prior knowledge

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English[edit]

Noun[edit]

prior knowledge (uncountable)

  1. The knowledge that stems from experience.
    I had no prior knowledge of linguistics, but that didn't stop me from writing a dictionary.
  2. (law) Knowledge of a set of circumstances sufficient to make actions based on those circumstances wrongful.
    The defendant was convicted because the prosecutor proved the defendant's prior knowledge of the victim's particular vulnerability.
  3. Existing knowledge before one begins learning a subject, language, etc.
    • 1995, Jan Elen, Blocks on the Road to Instructional Design Prescriptions, →ISBN, page 217:
      The impact of prior knowledge on the acquisition of knowledge is certanly not a new finding.
    • 2007, Marsha Lovett & ‎Priti Shah, Thinking with Data, →ISBN, page 319:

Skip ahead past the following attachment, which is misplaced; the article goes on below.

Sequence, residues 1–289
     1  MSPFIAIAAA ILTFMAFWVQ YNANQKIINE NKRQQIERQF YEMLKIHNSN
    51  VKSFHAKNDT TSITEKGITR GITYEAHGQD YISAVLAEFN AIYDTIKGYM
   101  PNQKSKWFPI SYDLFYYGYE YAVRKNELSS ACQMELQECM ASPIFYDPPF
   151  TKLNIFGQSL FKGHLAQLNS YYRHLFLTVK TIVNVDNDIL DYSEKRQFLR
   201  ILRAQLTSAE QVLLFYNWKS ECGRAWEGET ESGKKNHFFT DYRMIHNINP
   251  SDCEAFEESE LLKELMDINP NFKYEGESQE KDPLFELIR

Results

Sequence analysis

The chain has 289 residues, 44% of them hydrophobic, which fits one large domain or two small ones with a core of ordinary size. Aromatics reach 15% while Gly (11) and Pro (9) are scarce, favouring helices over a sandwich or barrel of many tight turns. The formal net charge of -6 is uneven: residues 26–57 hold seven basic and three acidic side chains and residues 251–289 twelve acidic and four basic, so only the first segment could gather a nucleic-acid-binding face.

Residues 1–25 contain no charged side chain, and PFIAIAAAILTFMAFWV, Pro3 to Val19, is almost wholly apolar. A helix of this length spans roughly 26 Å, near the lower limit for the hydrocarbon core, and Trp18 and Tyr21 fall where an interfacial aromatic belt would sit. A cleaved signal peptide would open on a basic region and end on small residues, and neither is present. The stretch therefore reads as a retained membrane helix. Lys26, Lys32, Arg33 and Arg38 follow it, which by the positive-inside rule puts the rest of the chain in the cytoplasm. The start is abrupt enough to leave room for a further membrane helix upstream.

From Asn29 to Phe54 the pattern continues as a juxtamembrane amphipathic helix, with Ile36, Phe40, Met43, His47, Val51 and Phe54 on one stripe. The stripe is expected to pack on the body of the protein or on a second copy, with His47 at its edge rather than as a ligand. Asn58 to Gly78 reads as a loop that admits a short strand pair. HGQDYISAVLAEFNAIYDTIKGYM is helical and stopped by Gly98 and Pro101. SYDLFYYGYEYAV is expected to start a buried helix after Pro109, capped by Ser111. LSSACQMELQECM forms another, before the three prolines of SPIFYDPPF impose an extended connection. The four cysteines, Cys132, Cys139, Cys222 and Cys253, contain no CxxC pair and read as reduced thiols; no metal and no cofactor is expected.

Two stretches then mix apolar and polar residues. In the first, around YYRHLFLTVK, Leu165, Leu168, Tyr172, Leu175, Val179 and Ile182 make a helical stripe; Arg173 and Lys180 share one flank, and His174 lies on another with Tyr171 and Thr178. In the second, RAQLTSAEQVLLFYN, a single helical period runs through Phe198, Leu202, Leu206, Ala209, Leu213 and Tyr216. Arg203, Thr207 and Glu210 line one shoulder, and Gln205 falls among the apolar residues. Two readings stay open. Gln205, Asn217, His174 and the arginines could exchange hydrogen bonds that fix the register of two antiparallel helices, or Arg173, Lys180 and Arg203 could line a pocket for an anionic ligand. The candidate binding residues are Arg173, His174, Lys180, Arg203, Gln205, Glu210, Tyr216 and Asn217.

Most constructivist-inspired instruction attempts to make contact with students' prior knowledge so students will learn better.
    • 2012, Wolfgang Schneider & ‎Franz E. Weinert, Interactions Among Aptitudes, Strategies, and knowledge in Cognitive Performance, →ISBN:
      Half the students in the study were encouraged to activate prior knowledge (i.e., they wrote down everything they knew about the topic before reading the relevant passage), and half read the to-be-acquired content without opportunity for activation.

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